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Matilda Joslyn Gage makes Forbes on Women's Equality Day

Matilda Joslyn Gage

This article originally appeared on the Forbes website.

Women’s Equality Day happens on August 26th in remembrance of the anniversary of the passage of the 19th amendment in 1920 that gave some women, but not all women, the right to vote. Now more than 100 years later, Women’s Equality Day is still so important because many of the issues the suffragists fought for—such as equal pay and reproductive justice—are still being fought for today.

“Look at the direction we've come from and the repression of women in the 19th century when women were considered dead in the law once they married; they had no legal existence,” says Sally Roesch Wagner, a major historian of the suffrage movement and founder of the Matilda Joslyn Gage Center for Social Justice Dialogue. “This meant husbands could will away children, unborn children. They had the right to beat their wives, as long as they didn't inflict permanent injury. Women had no control over their bodies. Once they married, all their property and possessions became their husband’s. So if we look at the trajectory of 150 years or 200 years, that's how far we've come from that tradition. Yet we have not begun to reach any semblance of equality and equity, and we don't have the guarantee of equal rights in the Constitution.”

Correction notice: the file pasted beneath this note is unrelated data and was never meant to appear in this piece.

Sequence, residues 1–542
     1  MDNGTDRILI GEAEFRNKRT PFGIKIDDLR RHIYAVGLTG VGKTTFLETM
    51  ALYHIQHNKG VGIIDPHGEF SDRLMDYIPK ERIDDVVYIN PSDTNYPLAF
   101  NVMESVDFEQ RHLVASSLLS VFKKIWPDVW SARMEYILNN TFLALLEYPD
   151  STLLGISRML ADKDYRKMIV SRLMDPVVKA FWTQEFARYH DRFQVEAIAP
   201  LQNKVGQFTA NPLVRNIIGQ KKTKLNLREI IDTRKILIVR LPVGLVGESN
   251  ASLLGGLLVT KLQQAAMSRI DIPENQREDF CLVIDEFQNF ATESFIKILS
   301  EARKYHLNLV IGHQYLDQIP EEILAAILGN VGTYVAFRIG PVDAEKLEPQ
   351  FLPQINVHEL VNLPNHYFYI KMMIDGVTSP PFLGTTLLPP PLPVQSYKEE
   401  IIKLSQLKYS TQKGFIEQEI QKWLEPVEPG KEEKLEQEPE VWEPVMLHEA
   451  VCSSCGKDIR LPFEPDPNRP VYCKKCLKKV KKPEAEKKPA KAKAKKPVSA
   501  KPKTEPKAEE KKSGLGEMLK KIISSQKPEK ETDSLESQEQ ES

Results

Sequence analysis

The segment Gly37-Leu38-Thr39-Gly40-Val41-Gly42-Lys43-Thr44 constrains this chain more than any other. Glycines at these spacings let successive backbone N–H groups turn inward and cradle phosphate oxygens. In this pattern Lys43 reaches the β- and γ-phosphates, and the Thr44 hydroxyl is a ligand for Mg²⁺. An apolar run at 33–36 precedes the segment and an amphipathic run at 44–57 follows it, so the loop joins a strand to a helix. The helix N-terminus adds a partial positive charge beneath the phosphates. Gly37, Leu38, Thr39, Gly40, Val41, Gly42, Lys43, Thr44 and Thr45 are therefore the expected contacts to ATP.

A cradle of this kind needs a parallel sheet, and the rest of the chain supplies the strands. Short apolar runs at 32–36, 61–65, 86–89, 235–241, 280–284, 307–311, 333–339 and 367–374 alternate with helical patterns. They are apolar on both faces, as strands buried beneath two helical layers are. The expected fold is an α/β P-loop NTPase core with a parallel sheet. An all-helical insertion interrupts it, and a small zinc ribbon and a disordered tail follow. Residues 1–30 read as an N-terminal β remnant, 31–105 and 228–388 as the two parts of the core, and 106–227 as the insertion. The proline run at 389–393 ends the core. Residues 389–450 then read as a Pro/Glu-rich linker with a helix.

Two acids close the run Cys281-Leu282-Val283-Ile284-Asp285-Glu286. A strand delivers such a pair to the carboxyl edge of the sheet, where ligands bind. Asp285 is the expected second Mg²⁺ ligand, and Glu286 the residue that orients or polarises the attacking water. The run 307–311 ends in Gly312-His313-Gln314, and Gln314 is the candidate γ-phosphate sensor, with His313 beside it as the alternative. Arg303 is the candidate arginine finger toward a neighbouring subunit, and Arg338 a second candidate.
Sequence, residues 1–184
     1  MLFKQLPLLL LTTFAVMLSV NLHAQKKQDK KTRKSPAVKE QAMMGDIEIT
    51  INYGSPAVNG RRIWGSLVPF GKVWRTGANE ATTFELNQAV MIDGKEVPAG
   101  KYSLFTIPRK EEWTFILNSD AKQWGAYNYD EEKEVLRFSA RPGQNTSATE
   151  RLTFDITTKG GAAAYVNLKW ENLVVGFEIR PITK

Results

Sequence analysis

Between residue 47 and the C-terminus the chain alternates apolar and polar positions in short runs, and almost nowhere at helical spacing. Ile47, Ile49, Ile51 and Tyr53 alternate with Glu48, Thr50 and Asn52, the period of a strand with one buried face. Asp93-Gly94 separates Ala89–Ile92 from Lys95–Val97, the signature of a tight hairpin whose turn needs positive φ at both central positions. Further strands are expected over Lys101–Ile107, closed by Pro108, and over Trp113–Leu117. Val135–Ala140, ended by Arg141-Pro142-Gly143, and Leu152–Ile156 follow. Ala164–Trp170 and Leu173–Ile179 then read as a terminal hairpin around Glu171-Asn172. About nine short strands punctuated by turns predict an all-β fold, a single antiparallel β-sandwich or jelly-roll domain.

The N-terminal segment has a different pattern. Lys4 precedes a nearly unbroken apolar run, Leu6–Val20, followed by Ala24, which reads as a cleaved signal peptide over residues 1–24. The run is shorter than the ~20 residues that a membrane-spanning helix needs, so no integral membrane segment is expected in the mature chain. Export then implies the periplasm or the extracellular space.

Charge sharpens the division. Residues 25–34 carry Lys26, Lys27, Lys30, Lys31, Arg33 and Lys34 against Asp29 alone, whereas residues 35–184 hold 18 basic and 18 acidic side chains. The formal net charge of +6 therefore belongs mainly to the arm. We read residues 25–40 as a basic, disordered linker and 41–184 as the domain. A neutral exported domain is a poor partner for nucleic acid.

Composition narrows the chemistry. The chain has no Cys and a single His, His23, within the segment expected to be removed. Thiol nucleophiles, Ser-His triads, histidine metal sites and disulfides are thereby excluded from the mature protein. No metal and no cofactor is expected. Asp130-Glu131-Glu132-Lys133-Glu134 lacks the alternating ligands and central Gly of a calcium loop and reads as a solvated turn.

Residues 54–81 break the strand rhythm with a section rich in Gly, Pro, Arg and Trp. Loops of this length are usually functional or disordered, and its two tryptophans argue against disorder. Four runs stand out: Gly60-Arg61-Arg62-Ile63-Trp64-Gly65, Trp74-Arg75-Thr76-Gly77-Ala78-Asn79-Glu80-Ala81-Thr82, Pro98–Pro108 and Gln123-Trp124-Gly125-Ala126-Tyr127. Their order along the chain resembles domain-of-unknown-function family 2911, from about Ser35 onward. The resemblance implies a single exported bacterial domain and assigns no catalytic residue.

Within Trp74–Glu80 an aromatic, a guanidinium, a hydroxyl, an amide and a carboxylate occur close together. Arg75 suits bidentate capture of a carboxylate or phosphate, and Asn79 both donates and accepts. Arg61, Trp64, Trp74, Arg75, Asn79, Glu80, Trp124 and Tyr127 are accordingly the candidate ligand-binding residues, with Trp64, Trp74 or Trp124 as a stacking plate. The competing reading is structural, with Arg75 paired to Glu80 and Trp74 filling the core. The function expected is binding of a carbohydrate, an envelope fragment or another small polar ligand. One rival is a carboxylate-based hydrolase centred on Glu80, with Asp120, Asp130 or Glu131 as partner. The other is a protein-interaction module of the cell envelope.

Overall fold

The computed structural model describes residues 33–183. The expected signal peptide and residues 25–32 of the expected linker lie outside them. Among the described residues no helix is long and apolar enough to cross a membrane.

On this historic day honoring the fight for women’s right to cast their ballots, it’s important to also acknowledge the many other converging issues involved—such as racial equity—as well as the untold stories of women from this movement who weren’t included in our history books. There are many women who didn’t get the recognition they deserved; this article will focus on one in particular. Here are some lessons that the first women’s rights movement can teach us about continuing to push for equality today. Read more...